The first name Gudrun comes from the Germanic "gund" meaning "fight" and "runô" meaning "magic", "mystery" or "secret". It means "keeping the secret in battle", "the secret of the gods". In Scandinavia, the Gudrun are celebrated on July 21. Under this name, we know Gudrun, the heroine of a German epic tale, written around 1230, which served as a model for Cinderella.
Popularity of the first name Gudrun: Although not very common, it is still used in Germany and Scandinavia at the beginning of the 21st century. In France and according to INSEE, the first name Gudrun was given 33 times between 1941 and 1944.
The first name Hedda is a diminutive of Hedwidge from the Germanic "had" meaning "a battle" and "wig" meaning "combat", often confused with "wiha" meaning "sacred". It means "in battle and in battle". Under this name, we know "Hedda Gabler", a Norwegian play in four acts by Henrik Ibsen. It was written in 1890 and premiered on January 31, 1891 at the Residenztheater in Munich (Germany), then in Oslo (Norway); Hedda Hopper, born in Hollidaysburg (Pennsylvania, USA) on May 2, 1890, American actress, columnist and echo writer who died in Hollywood (Los Angeles, California) on 1ᵉʳ February 1966.
Popularity of the first name Hedda: according to INSEE, this name is not represented in France.
The first name Hilde is a variant of Hilda, from the Germanic "hild" which means "fight". Hilde De Reuse, a Belgian microbiologist and partner of the Pasteur Institute, is known by this name.
Popularity of the forename Hilde: in France, by the law of 11 Germinal year XI (1 April 1803), this forename could be entered in the civil status registers used to record births. In Lower Normandy, it was attributed to Cherbourg (Manche) on 2 October 1954 and according to INSEE, the forename Hilde was attributed 495 times between 1900 and 2002.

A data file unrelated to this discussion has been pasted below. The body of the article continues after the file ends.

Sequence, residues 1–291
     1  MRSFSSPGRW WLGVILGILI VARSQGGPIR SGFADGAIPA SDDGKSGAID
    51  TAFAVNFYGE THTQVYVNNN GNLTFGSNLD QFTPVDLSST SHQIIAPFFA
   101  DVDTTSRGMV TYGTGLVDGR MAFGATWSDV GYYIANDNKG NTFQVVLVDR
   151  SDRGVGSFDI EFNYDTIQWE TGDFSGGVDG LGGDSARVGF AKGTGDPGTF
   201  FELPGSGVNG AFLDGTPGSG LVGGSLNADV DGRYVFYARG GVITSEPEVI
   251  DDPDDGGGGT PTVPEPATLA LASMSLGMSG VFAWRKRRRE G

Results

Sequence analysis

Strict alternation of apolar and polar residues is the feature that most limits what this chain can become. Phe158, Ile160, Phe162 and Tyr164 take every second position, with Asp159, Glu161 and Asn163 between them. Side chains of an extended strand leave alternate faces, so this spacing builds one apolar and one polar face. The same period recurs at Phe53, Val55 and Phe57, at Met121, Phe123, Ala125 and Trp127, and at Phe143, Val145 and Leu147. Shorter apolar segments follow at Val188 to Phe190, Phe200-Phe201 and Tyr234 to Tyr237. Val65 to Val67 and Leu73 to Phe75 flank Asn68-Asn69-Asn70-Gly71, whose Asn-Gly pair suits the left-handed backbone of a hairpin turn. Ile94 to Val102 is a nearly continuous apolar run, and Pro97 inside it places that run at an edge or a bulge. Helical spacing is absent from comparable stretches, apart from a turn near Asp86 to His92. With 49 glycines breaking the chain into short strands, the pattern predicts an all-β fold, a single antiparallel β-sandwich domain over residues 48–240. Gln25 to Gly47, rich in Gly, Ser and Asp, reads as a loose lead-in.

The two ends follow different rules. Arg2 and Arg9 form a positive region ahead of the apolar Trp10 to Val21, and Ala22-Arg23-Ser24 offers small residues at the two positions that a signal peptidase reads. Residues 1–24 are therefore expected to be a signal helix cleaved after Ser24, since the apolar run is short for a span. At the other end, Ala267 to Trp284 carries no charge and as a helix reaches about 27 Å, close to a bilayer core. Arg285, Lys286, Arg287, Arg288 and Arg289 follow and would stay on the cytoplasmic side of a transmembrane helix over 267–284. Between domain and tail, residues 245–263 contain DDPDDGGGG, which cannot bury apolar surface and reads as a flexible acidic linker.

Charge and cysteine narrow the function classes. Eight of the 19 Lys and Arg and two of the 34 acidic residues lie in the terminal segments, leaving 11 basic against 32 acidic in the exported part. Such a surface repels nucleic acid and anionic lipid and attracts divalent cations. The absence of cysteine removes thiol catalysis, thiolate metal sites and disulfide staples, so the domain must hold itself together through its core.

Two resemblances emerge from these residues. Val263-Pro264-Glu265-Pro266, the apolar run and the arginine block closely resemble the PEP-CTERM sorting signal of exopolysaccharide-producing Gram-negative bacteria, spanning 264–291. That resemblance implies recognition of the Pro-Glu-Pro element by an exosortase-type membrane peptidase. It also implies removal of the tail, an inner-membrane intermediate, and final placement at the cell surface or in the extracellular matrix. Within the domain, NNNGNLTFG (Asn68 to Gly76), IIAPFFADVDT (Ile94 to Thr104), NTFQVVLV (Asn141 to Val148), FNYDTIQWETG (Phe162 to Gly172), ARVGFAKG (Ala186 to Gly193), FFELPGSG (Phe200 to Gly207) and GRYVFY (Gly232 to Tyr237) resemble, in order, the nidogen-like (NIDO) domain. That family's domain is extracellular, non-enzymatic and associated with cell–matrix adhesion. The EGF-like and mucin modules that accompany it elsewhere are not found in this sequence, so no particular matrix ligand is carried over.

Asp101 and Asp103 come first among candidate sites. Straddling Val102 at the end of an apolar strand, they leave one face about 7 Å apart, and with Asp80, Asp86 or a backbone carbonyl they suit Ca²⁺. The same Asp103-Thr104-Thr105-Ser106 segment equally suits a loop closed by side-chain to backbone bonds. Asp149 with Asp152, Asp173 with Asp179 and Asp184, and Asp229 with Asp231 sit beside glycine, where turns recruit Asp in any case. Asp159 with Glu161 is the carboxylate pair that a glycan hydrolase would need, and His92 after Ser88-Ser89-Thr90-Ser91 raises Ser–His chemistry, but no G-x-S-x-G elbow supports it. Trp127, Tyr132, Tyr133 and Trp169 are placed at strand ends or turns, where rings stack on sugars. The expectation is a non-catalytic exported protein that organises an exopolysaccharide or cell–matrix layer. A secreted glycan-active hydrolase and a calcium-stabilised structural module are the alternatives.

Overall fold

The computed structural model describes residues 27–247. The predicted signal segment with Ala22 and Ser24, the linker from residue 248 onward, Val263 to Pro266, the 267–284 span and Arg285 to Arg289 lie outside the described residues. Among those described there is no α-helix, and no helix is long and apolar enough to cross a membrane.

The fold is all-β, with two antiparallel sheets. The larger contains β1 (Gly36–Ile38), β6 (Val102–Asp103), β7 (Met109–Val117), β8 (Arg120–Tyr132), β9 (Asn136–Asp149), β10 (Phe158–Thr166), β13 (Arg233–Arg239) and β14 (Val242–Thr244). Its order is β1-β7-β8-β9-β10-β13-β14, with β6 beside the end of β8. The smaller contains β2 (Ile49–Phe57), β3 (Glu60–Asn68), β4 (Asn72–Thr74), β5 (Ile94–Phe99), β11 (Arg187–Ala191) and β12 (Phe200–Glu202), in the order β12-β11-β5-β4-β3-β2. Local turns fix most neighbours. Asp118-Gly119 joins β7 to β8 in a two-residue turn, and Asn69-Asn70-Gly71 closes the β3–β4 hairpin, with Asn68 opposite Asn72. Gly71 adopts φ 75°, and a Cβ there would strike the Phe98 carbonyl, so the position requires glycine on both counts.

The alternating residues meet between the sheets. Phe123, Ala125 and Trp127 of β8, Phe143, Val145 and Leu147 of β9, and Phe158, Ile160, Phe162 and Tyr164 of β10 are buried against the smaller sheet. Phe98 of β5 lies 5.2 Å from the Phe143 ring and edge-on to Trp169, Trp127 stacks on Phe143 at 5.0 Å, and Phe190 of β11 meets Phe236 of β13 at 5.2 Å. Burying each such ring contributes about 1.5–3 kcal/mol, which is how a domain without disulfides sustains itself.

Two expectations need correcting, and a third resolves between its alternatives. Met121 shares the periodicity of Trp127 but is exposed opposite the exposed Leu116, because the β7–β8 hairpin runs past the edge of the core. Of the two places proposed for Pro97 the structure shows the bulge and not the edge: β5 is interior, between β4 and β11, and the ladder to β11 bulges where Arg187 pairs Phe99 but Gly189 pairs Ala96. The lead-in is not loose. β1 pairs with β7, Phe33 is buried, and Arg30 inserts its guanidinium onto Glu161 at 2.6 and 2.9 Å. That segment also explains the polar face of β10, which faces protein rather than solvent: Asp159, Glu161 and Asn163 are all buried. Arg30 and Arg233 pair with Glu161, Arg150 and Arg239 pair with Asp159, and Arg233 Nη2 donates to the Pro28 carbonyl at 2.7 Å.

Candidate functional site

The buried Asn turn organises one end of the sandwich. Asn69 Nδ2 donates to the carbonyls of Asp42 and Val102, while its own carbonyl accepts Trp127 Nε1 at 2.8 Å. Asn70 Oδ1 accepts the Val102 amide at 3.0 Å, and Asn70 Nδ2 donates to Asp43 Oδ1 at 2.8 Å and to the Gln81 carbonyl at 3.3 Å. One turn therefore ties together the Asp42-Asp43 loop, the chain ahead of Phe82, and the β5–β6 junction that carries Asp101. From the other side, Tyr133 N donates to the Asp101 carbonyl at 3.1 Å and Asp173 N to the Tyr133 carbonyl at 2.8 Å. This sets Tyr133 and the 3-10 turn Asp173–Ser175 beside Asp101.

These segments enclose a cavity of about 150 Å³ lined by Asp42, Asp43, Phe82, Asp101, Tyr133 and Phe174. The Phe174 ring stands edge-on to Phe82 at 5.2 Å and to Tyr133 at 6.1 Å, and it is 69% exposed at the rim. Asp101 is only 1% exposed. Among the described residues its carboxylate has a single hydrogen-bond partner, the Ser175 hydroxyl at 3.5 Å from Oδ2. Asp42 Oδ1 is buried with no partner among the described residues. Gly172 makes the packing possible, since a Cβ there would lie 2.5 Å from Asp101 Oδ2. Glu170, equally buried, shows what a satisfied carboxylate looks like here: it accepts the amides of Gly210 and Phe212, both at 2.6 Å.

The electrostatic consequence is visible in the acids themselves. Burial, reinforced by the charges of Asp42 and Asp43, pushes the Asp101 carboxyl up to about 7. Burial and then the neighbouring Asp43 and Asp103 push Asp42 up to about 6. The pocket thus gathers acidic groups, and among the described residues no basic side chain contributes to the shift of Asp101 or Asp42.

The first name Holda is of Frankish origin and means "favourable", "gracious", "forgiving" or "the benevolent protector". The Holda are celebrated on 10 April. Under this name, we know Holda, a goddess of Germanic antiquity, supernatural manager of spinning, childbirth and pets. She is also associated with winter, witches and fantasy hunting. Her name is related to certain Scandinavian beings such as the "Huldres", a people of Norwegian supernatural beings or the völva "Huld", a woman practising the ancient shamanic rites of the pagan religion. "Holda the benevolent protector" was depicted by the illustrator Friedrich Wilhelm Heine in 1882.
Popularity of the name Holda: still used in Scandinavia. According to INSEE, this name is not represented in France.
The first name Ingeborg comes from the Germanic Inge, the name of a deity and "burg" meaning "fortress" or "protection". In Scandinavia, the Ingeborg are celebrated on 30 July. Several princesses of Sweden are known by this name, for example, Ingeborg of Denmark (1176-1236), daughter of Valdemar I, she married Philip Augustus, King of France. In literature, we should mention Ingeborg, the heroine of the Frithjof legend "Fritjofsage", composed in the 14th century and translated into classical German in 1826.
Popularity of the first name Ingeborg: in France, in Lower Normandy, this first name was registered in Cherbourg (Manche) on 29 September 1975 and according to INSEE, the first name Ingeborg was given 177 times between 1904 and 1951.